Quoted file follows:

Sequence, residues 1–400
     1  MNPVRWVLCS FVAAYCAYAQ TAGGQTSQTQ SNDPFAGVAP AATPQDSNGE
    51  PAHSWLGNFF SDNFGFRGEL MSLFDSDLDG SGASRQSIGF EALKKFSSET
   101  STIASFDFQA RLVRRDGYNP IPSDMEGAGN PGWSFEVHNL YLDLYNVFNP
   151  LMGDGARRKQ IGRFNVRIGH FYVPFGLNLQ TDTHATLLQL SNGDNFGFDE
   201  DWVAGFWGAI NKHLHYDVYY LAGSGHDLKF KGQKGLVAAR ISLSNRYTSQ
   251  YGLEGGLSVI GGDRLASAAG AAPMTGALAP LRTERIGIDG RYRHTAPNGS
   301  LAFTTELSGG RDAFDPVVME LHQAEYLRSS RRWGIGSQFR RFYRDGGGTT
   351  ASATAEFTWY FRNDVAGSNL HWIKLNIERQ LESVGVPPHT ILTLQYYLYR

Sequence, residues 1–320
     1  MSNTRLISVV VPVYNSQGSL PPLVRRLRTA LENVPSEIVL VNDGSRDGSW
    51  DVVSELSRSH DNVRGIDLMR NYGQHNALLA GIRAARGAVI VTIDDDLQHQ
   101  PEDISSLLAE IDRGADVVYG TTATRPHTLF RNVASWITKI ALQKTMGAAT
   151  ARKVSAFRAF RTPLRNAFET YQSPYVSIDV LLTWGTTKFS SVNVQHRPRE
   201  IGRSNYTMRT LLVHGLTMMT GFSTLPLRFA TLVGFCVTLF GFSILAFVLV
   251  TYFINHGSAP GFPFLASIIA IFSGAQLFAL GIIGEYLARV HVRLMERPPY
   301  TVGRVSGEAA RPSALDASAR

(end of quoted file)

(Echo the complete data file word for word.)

Sequence, residues 1–400
     1  MNPVRWVLCS FVAAYCAYAQ TAGGQTSQTQ SNDPFAGVAP AATPQDSNGE
    51  PAHSWLGNFF SDNFGFRGEL MSLFDSDLDG SGASRQSIGF EALKKFSSET
   101  STIASFDFQA RLVRRDGYNP IPSDMEGAGN PGWSFEVHNL YLDLYNVFNP
   151  LMGDGARRKQ IGRFNVRIGH FYVPFGLNLQ TDTHATLLQL SNGDNFGFDE
   201  DWVAGFWGAI NKHLHYDVYY LAGSGHDLKF KGQKGLVAAR ISLSNRYTSQ
   251  YGLEGGLSVI GGDRLASAAG AAPMTGALAP LRTERIGIDG RYRHTAPNGS
   301  LAFTTELSGG RDAFDPVVME LHQAEYLRSS RRWGIGSQFR RFYRDGGGTT
   351  ASATAEFTWY FRNDVAGSNL HWIKLNIERQ LESVGVPPHT ILTLQYYLYR

Sequence, residues 1–320
     1  MSNTRLISVV VPVYNSQGSL PPLVRRLRTA LENVPSEIVL VNDGSRDGSW
    51  DVVSELSRSH DNVRGIDLMR NYGQHNALLA GIRAARGAVI VTIDDDLQHQ
   101  PEDISSLLAE IDRGADVVYG TTATRPHTLF RNVASWITKI ALQKTMGAAT
   151  ARKVSAFRAF RTPLRNAFET YQSPYVSIDV LLTWGTTKFS SVNVQHRPRE
   201  IGRSNYTMRT LLVHGLTMMT GFSTLPLRFA TLVGFCVTLF GFSILAFVLV
   251  TYFINHGSAP GFPFLASIIA IFSGAQLFAL GIIGEYLARV HVRLMERPPY
   301  TVGRVSGEAA RPSALDASAR